As an admitted novice regarding bonds I thought it is a good introduction to bonds for others like me. Itís readable and not excessively long.

https://www.amazon.com/Why-Bother-Bo...dp/0985800402/
Thanks for the recommendation. Definitely plan on reading this soon.
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Old 01-08-2020, 09:46 AM   #15
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One way to check this out is to go to a charting site (Yahoo or whatever), pick an index-type bond fund like a total bond index, and look at the share price over different periods. I think it will support the point.
Yeah, I did that recently with VBMFX and a few others. It makes perfect sense that a bond index fund shouldn't appreciate like a equity fund, so it was puzzling to me why VBMFX and others had risen fairly steadily and substantially over the past 35 years. But now it's making more sense.
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Old 01-08-2020, 09:56 AM   #16
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In late 2008, when the markets were tanking, bond fund prices dropped, too. According to a WSJ article I saw around that time, a big reason was that the demand for bonds themselves had dropped because nobody had any money to buy them. This proved to be a huge break for me because I had just ERed and had $300k to invest in a bond fund at bargain-basement prices. The extra shares I was able to buy benefit me to this day.
This speaks to my biggest concern about buying into a bond fund right now (which I'm actively contemplating due to AA rebalancing). I'd be buying at historic highs, resulting in far fewer shares than if I waited until bond funds come back down to earth. Market timing, I know, I know... but in this case, it seems prudent to wait since we know interest rates really have nowhere to go but up eventually. So now I'm thinking of just waiting it out in VMMXX and CDs for a while to see what happens.
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Old 01-08-2020, 10:18 AM   #17
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Buying a US broad base index bond fund makes no sense at the present time, for instance the vanguard total bond fund holds 70% US Treasuries, which you could buy at zero cost versus the 0.15% annual cost of vanguard = to almost 9 percent of the total yield of the bond fund and 30% corporates of which 50% are BBB that trade at historic low yields.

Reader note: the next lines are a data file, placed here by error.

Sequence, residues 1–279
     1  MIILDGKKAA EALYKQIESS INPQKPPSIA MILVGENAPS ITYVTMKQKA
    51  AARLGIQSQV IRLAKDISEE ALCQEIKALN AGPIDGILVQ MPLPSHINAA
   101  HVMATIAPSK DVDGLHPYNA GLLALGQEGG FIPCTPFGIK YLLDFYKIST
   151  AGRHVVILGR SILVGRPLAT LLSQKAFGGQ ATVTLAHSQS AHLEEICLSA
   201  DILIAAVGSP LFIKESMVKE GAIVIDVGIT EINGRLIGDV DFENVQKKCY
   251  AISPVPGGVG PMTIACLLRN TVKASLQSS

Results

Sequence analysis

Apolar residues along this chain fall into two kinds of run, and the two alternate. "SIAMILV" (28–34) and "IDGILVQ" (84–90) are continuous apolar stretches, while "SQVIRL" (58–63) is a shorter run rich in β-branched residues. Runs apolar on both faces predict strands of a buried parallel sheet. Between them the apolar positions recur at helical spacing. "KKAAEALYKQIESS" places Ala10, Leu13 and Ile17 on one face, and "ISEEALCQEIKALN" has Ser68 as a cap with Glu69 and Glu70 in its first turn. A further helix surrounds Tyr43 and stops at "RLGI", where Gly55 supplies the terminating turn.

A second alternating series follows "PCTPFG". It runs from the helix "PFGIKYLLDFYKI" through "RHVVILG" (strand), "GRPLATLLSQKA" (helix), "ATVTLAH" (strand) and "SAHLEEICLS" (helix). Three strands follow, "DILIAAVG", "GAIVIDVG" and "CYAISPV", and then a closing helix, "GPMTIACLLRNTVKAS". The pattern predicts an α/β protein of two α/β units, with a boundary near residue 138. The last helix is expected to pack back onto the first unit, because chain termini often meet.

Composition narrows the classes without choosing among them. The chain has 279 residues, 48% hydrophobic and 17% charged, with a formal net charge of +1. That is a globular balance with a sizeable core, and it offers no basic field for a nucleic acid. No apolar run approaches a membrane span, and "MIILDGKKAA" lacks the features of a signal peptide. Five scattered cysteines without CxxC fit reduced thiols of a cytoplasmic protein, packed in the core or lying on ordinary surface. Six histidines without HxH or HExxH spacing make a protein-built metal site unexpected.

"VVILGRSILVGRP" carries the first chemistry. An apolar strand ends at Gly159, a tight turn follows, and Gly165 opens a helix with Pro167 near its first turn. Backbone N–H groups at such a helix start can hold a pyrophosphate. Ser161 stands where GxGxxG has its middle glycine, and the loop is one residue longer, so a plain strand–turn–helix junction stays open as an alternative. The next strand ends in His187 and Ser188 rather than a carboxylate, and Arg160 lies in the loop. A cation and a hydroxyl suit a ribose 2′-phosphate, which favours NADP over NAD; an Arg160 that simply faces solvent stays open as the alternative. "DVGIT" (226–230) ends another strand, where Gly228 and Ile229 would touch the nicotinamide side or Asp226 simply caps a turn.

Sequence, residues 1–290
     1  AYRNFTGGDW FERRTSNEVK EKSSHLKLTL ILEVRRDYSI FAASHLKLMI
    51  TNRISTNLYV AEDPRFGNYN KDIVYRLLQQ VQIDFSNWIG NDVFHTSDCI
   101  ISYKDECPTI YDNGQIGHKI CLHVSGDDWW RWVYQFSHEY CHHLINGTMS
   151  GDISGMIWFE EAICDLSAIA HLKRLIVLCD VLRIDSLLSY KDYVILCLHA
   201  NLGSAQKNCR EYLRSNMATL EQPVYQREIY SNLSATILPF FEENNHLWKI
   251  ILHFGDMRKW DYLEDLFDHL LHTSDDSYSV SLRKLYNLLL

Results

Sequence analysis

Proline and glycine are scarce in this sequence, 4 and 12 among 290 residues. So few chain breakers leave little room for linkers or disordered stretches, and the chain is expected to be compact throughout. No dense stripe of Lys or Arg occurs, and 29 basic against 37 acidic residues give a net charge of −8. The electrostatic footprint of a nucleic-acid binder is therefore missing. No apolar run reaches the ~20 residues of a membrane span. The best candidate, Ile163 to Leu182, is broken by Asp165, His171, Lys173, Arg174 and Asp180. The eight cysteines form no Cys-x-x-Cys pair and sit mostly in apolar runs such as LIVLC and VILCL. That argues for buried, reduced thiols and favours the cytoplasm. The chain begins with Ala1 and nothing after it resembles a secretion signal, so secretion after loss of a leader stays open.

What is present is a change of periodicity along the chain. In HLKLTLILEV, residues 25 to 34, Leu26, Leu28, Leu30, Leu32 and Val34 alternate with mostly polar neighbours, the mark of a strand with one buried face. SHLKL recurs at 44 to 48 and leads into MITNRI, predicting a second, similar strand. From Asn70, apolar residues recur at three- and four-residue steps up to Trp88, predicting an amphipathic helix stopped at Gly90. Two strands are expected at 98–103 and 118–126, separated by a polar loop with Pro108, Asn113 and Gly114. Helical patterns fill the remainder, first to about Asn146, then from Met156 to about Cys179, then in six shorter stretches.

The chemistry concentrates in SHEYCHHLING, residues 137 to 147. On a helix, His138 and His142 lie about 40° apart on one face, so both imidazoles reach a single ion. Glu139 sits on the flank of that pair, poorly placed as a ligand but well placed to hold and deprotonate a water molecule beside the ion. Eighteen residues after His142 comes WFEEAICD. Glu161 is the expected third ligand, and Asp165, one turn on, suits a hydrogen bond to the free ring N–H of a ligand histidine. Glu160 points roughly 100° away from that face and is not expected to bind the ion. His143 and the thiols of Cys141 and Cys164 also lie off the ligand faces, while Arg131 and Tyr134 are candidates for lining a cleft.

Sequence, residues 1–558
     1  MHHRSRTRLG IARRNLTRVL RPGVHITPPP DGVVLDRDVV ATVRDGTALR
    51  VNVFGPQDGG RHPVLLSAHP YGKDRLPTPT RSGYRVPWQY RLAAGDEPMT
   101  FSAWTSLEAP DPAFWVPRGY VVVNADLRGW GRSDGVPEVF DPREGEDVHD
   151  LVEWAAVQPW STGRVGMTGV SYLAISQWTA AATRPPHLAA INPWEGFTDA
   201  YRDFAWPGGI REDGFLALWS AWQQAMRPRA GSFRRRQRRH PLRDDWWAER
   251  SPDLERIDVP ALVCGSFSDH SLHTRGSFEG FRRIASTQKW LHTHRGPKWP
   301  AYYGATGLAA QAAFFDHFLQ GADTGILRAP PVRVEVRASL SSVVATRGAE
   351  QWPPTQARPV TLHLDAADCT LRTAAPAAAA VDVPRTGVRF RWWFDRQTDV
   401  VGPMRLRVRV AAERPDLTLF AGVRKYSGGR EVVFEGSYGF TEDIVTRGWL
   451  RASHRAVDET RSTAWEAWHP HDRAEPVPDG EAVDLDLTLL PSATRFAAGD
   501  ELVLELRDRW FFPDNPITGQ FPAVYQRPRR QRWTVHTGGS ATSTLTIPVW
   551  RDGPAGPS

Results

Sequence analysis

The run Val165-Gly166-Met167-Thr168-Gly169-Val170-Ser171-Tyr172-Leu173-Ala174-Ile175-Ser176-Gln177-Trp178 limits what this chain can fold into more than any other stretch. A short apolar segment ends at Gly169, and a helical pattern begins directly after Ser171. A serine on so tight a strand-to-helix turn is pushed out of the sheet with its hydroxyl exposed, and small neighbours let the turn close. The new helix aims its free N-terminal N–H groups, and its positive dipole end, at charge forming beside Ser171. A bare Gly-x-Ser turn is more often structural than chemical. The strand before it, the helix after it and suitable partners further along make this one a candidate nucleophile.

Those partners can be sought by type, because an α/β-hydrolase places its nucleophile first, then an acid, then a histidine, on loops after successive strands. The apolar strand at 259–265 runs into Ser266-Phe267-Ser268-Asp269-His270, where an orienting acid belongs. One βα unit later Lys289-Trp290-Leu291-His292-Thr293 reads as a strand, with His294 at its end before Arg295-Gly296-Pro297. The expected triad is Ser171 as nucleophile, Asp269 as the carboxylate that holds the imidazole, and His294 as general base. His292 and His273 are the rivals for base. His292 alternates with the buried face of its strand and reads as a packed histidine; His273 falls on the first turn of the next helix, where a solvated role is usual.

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Old 01-08-2020, 11:13 AM   #18
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Buying a US broad base index bond fund makes no sense at the present time, for instance the vanguard total bond fund holds 70% US Treasuries, which you could buy at zero cost versus the 0.15% annual cost of vanguard = to almost 9 percent of the total yield of the bond fund and 30% corporates of which 50% are BBB that trade at historic low yields.

There are a few food ones that are cheaper than the 0.15% such as Fidelity FSKAX ER= 0.015%.
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Old 01-08-2020, 11:15 AM   #19
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Buying a US broad base index bond fund makes no sense at the present time, for instance the vanguard total bond fund holds 70% US Treasuries, which you could buy at zero cost versus the 0.15% annual cost of vanguard = to almost 9 percent of the total yield of the bond fund and 30% corporates of which 50% are BBB that trade at historic low yields.
Agree.

And I think it makes more sense to actively manage bond investments, either yourself or using a fund or manager.
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Old 01-08-2020, 01:50 PM   #20
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This speaks to my biggest concern about buying into a bond fund right now (which I'm actively contemplating due to AA rebalancing). I'd be buying at historic highs, resulting in far fewer shares than if I waited until bond funds come back down to earth. Market timing, I know, I know... but in this case, it seems prudent to wait since we know interest rates really have nowhere to go but up eventually. So now I'm thinking of just waiting it out in VMMXX and CDs for a while to see what happens.

I am in the same boat. My AA is currently 60/0/40. Having been 90/0/10 for years, I cannot bring my self to reallocate assets into "high priced" bonds. The stable value fund in my 401k earns 2.75%. For the other portion, FZDXX clocks in at a blistering 1.6%. As a former 90% stock guy, this is like watching icebergs move, paint drying, ............ugh!